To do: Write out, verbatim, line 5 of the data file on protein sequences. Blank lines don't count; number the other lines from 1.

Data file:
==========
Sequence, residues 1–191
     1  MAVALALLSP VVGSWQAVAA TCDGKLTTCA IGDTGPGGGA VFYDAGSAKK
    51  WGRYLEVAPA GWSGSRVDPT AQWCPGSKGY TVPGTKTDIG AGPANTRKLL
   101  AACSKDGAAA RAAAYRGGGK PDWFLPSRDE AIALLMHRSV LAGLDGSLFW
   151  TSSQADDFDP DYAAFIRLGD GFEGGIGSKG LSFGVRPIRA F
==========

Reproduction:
   151  TSSQADDFDP DYAAFIRLGD GFEGGIGSKG LSFGVRPIRA F